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Foreshore And Seabed: Summary Of The Gov. Proposal



August 2003


In June 2003 the Court of Appeal delivered its judgment in the Marlborough Sounds foreshore and seabed case. It decided that the Maori Land Court had jurisdiction to consider claims based on customary rights in the foreshore and seabed. If the Court finds that a customary interest amounts to customary title, the Court can create a new freehold title over that land.

The possibility that freehold ownership might begin to be created over the foreshore and seabed has alarmed many people because it clashes with the general assumption that these areas are open and communal spaces.

It also has the potential to create significant legal uncertainty and administrative confusion, because it is not clear how private ownership of the foreshore and seabed would affect activity in the sea itself. How would ownership of the seabed be reconciled with the rights of commercial and recreational fishers? Or with tourist operators with a licence to visit particular areas? Or with the international right of innocent passage for vessels through New Zealand’s territorial sea?

There are also connections with other reforms which the government has underway, which create added impetus for resolving the issues promptly. These include the reform of the regulation of aquaculture, the Marine Reserves Bill currently before Parliament, and the development of an overarching oceans policy for New Zealand.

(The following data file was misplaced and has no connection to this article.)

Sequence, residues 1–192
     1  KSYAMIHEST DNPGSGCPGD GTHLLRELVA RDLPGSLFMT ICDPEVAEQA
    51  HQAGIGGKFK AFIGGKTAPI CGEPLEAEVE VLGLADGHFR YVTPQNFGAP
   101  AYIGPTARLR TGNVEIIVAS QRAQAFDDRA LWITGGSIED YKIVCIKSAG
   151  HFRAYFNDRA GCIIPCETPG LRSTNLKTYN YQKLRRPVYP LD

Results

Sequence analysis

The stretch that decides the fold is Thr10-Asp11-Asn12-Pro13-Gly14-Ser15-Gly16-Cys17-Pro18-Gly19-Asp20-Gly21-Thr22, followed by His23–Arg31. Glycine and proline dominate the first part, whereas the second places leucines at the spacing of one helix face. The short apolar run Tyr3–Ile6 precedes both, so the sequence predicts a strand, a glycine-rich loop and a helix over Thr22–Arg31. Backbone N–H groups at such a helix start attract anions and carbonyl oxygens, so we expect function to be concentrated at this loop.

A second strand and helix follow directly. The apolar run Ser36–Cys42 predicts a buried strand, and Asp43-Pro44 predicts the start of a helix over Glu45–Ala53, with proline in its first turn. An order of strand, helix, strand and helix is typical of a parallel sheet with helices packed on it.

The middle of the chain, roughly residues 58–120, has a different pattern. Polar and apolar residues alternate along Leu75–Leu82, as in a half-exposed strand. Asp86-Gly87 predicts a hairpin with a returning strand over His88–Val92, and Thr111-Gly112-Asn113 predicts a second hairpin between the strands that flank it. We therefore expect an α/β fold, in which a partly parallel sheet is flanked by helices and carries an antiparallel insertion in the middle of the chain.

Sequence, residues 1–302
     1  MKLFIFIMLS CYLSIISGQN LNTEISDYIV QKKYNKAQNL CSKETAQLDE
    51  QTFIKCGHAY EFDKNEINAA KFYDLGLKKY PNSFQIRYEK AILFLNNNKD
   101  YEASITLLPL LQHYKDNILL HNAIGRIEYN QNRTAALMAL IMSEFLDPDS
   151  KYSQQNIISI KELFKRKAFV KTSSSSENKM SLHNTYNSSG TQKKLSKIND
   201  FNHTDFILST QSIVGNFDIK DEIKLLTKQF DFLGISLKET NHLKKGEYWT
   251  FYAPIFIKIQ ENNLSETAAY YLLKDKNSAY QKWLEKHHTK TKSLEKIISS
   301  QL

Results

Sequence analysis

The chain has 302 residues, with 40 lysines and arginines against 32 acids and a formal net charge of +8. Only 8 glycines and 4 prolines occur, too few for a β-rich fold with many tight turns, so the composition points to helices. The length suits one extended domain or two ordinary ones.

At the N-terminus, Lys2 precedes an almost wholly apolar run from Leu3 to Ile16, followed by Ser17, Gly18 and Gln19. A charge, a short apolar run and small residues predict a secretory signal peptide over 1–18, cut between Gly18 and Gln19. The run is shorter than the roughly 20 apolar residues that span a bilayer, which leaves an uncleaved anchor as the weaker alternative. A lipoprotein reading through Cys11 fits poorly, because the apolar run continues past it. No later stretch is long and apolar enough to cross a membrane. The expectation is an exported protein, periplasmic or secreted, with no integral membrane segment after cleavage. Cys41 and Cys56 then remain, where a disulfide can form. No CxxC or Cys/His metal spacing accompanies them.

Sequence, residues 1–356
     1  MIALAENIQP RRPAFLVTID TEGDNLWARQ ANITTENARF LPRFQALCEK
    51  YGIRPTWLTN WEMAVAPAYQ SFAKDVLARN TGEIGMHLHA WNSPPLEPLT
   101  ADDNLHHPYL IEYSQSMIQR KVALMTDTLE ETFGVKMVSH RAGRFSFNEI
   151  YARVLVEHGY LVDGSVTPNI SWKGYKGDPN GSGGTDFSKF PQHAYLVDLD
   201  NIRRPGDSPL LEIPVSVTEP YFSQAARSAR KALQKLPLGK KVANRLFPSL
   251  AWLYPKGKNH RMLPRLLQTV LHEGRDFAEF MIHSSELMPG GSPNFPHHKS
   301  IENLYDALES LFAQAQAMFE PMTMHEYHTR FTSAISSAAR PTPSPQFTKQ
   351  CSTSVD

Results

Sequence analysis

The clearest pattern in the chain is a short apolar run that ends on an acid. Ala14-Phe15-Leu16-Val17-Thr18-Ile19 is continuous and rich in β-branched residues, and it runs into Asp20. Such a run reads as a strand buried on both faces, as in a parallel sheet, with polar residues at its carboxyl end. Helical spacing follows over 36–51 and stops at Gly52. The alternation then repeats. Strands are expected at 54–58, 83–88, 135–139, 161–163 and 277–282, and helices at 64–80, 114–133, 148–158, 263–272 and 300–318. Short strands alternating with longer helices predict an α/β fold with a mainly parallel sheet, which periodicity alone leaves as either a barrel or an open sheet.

The government considers that it needs to legislate, to provide clarity and to ensure that some basic principles are put beyond doubt.

The many interests to be balanced

The issues associated with the foreshore and seabed are factually and legally complex. They involve several different but overlapping questions – public access to the beach, the commercial use of the seabed and coastal space, the protection of the customary interests of whanau, hapu and iwi, and the way in which regulatory decisions are taken.

As the government considers these issues, it must take into account a range of people and interests. They include:

1. All New Zealanders, concerned about their basic ability to access, use and enjoy the coastline and marine environment.

2. Maori, concerned about the modern day recognition of customary interests significant to Maori culture.

3. Business sectors which have a significant interest in how the coastal marine area is controlled and regulated, such as the fishing, marine farming, marine transport, mining and tourism industries.

4. Local government, as local authorities administer much of the law which regulates use of the coastal marine area.

The starting point for a solution: four basic principles

The government has a responsibility to protect the customary interests of whanau, hapu and iwi. It proposes the following four principles as the basis for legislation.

Principle of access
The foreshore and seabed should be public domain, with open access and use for all New Zealanders.

Principle of regulation
The Crown is responsible for regulating the use of the foreshore and seabed, on behalf of all present and future generations of New Zealanders.

Principle of protection
Processes should exist to enable the customary interests of whanau, hapu and iwi in the foreshore and seabed to be acknowledged, and specific rights to be identified and protected.

Principle of certainty
There should be certainty for those who use and administer the foreshore and seabed about the range of rights that are relevant to their actions.

The principle of access

The government’s proposals start with a principle that the foreshore and seabed are areas of public domain, where all New Zealanders are able to enjoy open access and use. The starting point is that the foreshore and seabed should not be subject to private rights of ownership.